korena's blog

5. Low level init Debugging detour

As I mentioned in the introduction of the previous post, the iROM code always fails to load BL1, regardless of what is in it, the most comfortable way to go is to assume it's a hardware issue, and place the blame on someone other than your own grace, but I paid too much to give up on this development board. I could of course buy a windows licence, and use the tools Samsung and FriendlyARM make available to windows users, but I refuse to do so, not being stubborn or anything, but I need many and more reasons to spend a 100+ USD for an operating system, while Linux exists.

ANALYSIS

The buzzer that is connected to the XPWMTOUT0 pin of S5PV210 tells me that there is an issue with loading BL1, iROM application notes document shows a table that summarizes all possible error codes implemented in iROM code (Table5. ERROR Signal Description). The buzzing sound I get from the buzzer is not conclusive, the sound produced is a dreadful unintelligible noise regardless of the type of error. So I thought it necessary to hook the board to a logic analyzer, and take a look at the shape of the wave produced by the XPWMOUT0 pin. The main issue that concerned me is the lack of information about the produced signal, the table shows the duty cycle, but says nothing about the frequency or time period of the produced signal. The reason why this piece of information is important is the fact that my logic analyzer runs at a lousy maximum frequency of 24Mhz, so knowing the frequency of the to-be measured signal is important.
Since I have no way of finding out what the toggling frequency is, I thought I will just go ahead and try it out.
Hooking a channel from the analyzer to the XPWMTOUT0 pin, a mess of a signal was recorded as the buzzer went off, as expected, there is no pattern to follow.

I attempted this process multiple times, yet no conclusive results were obtained. So I moved on to a slower, but less complex way of figuring out whats wrong.

I started by putting aside the idea that the SD card reader module is broken (hardware issue), and assumed that the issue is caused by software, and since I rolled back to the simplest infinite loop BL1 code, I had no reason to doubt the contents of BL1 code itself, so the error, if it is indeed software caused, would either be in my ImageMake code, or in the process of formatting the MMC card, none of which had changed since I fused the first simple BL1 that does not work anymore. So I needed more insight, which required a peak into the hex data of the flashed MMC card, and what better tool to use for that than the great hexedit , in Linux, you'll probably find this package in the default package manager's repositories, on Debian-like distros:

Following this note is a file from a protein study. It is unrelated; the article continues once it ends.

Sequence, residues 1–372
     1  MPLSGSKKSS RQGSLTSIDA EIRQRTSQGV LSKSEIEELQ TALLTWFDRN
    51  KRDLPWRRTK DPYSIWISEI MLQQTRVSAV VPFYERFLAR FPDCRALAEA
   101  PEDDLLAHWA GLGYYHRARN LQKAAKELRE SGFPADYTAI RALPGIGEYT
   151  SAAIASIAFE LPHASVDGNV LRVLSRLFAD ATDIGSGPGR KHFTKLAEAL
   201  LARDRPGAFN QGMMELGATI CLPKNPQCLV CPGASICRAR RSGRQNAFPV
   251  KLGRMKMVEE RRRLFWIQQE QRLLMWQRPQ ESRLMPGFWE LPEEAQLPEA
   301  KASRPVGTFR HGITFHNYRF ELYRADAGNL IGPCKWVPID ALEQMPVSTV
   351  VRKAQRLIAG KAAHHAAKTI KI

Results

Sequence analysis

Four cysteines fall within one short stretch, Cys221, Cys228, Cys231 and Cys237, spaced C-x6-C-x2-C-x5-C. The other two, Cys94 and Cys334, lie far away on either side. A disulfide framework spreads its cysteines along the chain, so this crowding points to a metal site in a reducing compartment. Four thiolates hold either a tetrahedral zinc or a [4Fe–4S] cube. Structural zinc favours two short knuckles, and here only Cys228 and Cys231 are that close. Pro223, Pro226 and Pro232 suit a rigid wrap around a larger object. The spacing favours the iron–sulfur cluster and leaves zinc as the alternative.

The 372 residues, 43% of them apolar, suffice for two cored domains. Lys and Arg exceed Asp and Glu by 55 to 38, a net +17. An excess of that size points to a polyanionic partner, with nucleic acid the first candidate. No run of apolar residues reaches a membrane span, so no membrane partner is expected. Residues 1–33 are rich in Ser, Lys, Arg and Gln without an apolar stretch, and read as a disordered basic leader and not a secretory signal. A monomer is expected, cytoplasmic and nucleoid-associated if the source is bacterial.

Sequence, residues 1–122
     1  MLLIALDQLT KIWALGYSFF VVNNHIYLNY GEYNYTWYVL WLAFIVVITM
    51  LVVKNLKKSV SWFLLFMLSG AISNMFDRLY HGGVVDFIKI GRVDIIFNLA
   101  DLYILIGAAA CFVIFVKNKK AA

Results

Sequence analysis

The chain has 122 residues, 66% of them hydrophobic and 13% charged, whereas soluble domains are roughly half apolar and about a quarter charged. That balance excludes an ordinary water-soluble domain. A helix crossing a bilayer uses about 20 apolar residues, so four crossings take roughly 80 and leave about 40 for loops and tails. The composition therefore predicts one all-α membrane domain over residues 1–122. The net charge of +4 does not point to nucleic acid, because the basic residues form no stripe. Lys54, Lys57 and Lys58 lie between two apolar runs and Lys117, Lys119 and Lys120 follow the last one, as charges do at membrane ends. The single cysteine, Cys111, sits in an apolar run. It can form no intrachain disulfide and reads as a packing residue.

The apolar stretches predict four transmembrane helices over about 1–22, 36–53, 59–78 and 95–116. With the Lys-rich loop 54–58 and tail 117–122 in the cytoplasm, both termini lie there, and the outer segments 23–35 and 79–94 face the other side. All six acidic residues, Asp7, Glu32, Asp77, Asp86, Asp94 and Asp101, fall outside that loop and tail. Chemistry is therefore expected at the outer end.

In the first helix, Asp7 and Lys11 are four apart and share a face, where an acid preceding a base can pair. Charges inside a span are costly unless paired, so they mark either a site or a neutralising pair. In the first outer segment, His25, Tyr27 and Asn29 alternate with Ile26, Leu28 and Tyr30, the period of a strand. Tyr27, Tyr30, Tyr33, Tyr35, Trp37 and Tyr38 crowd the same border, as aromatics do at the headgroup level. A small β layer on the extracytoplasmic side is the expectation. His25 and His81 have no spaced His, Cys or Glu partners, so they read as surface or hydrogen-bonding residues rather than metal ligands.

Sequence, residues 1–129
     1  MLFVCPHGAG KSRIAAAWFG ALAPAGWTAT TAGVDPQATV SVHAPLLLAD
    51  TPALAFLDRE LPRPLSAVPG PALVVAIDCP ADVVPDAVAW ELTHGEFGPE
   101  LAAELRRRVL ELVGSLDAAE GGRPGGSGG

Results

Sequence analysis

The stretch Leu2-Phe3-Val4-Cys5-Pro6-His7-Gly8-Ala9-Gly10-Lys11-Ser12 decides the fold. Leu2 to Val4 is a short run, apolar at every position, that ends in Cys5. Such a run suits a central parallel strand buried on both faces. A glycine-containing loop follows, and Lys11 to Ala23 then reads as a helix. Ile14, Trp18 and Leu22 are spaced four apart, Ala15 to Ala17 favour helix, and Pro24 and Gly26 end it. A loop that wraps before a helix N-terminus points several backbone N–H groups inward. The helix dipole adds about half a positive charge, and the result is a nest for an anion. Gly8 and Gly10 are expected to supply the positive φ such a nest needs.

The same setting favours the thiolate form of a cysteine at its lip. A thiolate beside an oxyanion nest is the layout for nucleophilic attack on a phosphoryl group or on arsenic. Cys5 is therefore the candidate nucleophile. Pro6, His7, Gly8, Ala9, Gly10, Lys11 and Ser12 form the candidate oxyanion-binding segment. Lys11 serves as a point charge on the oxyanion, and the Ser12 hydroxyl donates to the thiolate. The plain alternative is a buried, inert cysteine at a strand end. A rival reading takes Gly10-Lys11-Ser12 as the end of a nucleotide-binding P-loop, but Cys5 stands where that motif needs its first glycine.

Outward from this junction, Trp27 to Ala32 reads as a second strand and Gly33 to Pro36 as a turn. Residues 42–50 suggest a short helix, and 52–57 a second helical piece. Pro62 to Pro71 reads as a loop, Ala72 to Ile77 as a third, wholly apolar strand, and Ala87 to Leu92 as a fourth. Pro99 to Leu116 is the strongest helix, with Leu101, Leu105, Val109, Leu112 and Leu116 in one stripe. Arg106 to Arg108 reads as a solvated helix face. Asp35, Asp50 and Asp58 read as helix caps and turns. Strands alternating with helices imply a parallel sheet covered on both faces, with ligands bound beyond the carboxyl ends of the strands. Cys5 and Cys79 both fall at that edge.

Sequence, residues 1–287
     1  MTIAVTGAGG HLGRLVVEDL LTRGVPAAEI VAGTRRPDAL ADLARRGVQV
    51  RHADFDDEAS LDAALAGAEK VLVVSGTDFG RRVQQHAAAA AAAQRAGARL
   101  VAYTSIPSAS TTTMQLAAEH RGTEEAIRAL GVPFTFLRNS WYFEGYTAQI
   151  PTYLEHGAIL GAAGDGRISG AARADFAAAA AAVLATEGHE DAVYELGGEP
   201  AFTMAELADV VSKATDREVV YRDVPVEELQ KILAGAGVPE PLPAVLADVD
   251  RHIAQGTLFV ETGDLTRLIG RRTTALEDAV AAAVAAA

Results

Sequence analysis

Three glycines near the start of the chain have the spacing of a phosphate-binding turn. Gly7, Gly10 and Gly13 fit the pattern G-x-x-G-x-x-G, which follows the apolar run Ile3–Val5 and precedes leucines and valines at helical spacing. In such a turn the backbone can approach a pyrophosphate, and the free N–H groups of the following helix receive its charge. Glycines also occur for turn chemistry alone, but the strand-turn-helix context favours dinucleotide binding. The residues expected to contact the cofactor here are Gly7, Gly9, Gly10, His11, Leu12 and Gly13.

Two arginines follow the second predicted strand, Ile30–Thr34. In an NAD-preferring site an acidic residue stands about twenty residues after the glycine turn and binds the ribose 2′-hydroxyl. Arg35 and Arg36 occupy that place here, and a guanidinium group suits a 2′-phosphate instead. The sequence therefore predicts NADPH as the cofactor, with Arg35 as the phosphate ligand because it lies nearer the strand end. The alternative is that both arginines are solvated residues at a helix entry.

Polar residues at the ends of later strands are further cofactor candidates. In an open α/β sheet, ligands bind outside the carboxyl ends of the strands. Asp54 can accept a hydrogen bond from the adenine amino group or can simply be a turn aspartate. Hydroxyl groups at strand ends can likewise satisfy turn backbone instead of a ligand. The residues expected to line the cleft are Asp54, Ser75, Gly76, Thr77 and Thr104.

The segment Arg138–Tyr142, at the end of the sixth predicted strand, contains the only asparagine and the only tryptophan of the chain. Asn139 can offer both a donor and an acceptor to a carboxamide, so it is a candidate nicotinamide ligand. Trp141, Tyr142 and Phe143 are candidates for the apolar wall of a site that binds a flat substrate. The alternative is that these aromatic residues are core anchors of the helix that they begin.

# apt-get install hexedit

After compiling ridiculouslySimpleStartup.s into BL1.boot, which contains nothing but a useless endless loop, I took a peak inside the resulting hex file (it's actually an ARM executable binary file), so I would know what to look for when peaking inside the MMC card after flashing.

$ hexedit ./BL1.boot

FIGURE 1: hex data of BL1.boot

then I flashed the MMC card with the newly created BL1.boot, using the fuseBin.sh script we wrote a couple of posts back.

$ ./fuseBin.sh
 
mkfs.vfat -F 32 /dev/mmcblk0p1
 
mkfs.vfat 3.0.13 (30 Jun 2012)
 
/dev/mmcblk0p1: Permission denied
 
writing BL1 ...
 
0+1 records in
 
0+1 records out
 
40 bytes (40 B) copied, 0.00887905 s, 4.5 kB/s

had I not been so convinced that it's a hardware issue, the above shell listing should have been enough for me to figure out what was causing the problem (can you?)
When the flashing process was finished, I took a look at the insides of the MMC card using hexedit:

$ sudo hexedit /dev/mmcblk0

FIGURE 2: hexedit of /dev/mmcblk0

The blue box contains the recently flashed BL1.boot (compare it to figure 1), the rest of the MMC memory contains garbage residue data from previous flashes, If the processor actually gets to the point of running the newly flashed BL1.boot code, then there wont be any problem, so long as the code execution through BL1.boot is kept in check, and no out of bounds PC jumps are performed. However, iROM code does not allow the execution of any piece of code within BL1 without checking the integrity of the code using Checksum. As explained in MILESTONE 1, the Checksum value has to be provided (by the system programmer, the one who writes BL1.boot and flashes it) at the third word from the first address of the first physical block (sector) of the SD/MMC card (46060000 in FIGURE 2), the Checksum is calculated by iROM code at boot up, and compared to the value passed, if the two values do not match, an error code will be produced, and BL1 code will not be copied to SRAM for execution, which is precisely whats happening with me here.